Keith Lau (14S63), Jillian Loe (14A14), Nathanael R. (14S43), Jerome Lee (15S63), Brian Kong (15S52)

Alt-V is for music lovers.

Specially curated by your dedicated columnists Jillian, Dante, Keith, Brian and Jerome, Alt-V is a regular instalment of album reviews, some written by the columnists themselves, and others based on the opinions of Victorians all around the school.

Here at Alt-V we try to keep things fresh and popping, so instead of conventional date-of-issue or rating-based reviews, we arrange our reviews by colour. Each cycle of Alt-V reviews will feature a set of albums that have pretty much nothing in common except for the colour of the album art.

Also, this week, we’d like to welcome a new writer Brian Kong from 15S52 into the ranks of Alt-V. With five writers now, stay tuned for even more fresh hits, underrated gems and old but gold music to be reviewed in these pages.

If your curiosity has been piqued after reading any of the reviews, don’t be afraid to approach any of the writers or interviewees to find out more about the albums and artists. And if you would like to contribute to the next article which will be centred around the colour GREEN, feel free to contact any of the main writers of Alt-V as we’re more than willing to get in touch with you guys.

Albums reviewed in this cycle:

  1. Metric, Old World Underground, Where Are You Now
  2. Yeah Yeah Yeahs, It’s Blitz!
  3. Dizzee Rascal, Boy In Da Corner
  4. Sex Pistols, Never Mind the Bollocks, Here’s the Sex Pistols
  5. K’Naan, Troubadour


Metric, Old World Underground, Where Are You Now

Jillian Loe (14A14)

Metric’s debut album, Old World Underground, Where Are You Now (2003) may not be my favourite Metric album but it still was one reason why I fell in love with Metric when I was 13.

Today, Metric is one of the most iconic bands in the Canadian indie music scene. Although this album was not the album that cemented their status, it served to put their name out there and made them a band worth looking out for.

With front woman Emily Haines headlining and leading the band, her breathy vocals brought new dimension to their indie rock sound that was heavily inspired by classic indie rock bands like New Order and The Cure. When I was 13 and first fell in love with Metric, Haines was my idol because I thought she was just the coolest, most talented badass chick ever. Emily’s style and persona definitely contributed largely to the allure of the album. The songs in the album are dark, punk-y and synth-heavy. Everything my angsty 13-year-old self wanted in music. The singles from the album ‘Dead Disco’ and ‘Combat Baby’ characterise my adolescent years now – youthful, energetic dark but also extremely self-absorbed. Needless to say, I loved this album back then.  That being said, looking at this album now, I can see clearly how this album falls short as compared to their later albums. Old World Underground, Where Are You Now lacks the clarity and focus of the other albums; in my opinion, the songs in this album do not have a clear central concern because the songs and their lyrics span such a diverse range of issues from criticism of the U.S government in ‘Succexy’ to the struggles of a prostitute in ‘Hustle Rose.’ While that may be a merit in itself, it made it difficult to understand Metric as a band and what they stood for. However, that does not really take the listener away from the album as Metric’s fresh and interesting sound still provides overall coherence to the album.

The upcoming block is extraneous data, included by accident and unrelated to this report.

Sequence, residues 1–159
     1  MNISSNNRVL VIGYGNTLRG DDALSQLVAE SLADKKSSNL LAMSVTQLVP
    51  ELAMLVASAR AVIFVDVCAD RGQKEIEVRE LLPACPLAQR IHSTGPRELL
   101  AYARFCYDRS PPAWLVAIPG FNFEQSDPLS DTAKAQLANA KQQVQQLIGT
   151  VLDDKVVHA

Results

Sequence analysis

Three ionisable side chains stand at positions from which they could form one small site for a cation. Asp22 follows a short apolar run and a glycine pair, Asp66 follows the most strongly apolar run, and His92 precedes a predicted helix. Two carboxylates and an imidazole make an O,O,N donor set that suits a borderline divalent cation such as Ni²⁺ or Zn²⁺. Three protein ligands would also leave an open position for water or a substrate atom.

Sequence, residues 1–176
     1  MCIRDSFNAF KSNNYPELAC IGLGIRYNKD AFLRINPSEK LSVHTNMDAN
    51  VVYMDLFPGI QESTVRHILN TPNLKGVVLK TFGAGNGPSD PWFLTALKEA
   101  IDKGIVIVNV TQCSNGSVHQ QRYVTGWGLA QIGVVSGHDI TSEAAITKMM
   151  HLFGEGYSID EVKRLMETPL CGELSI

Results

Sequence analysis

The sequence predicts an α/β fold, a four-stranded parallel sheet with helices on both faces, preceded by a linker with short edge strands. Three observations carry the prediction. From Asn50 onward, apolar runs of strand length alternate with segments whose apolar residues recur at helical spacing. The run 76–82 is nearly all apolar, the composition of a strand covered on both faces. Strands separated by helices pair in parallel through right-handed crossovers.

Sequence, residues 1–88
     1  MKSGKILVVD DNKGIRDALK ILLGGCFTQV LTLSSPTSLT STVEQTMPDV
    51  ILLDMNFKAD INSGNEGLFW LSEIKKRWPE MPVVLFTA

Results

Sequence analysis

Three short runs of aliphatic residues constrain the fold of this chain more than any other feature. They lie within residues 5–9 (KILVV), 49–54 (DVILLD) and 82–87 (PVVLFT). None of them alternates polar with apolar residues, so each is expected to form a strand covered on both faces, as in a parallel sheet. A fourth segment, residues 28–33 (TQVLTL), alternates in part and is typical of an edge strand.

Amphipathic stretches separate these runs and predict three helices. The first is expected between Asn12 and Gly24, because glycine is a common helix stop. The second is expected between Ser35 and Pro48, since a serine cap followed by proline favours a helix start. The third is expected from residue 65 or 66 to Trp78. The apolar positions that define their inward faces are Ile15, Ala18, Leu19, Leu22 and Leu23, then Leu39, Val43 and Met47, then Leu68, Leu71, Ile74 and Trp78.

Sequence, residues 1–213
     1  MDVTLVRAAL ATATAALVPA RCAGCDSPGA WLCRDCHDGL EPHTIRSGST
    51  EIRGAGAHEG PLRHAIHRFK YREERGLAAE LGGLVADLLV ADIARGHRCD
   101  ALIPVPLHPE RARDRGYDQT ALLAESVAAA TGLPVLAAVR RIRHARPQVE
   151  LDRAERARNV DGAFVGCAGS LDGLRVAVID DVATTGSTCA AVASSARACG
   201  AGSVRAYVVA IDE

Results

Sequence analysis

If you’re thinking about getting into Metric’s music now, I would not recommend starting from this album; not because Old World Underground, Where Are You Now is bad, but because Metric just has better albums (Fantasies, Grow Up and Blow Away) that represent them as a band better.

Rating: 7.5/10 because this album holds sentimental value for me (it’s actually more like a 7/10).

Favorite songs: Hustle Rose, Combat Baby, Calculation Theme, Dead Disco

Favorite lyrics:

I wish we were farmers, I wish we knew how/ To grow sweet potatoes and milk cows from Calculation Theme.

Tonight your ghost will ask my ghost, / Who put these bodies between us? from Calculation Theme.


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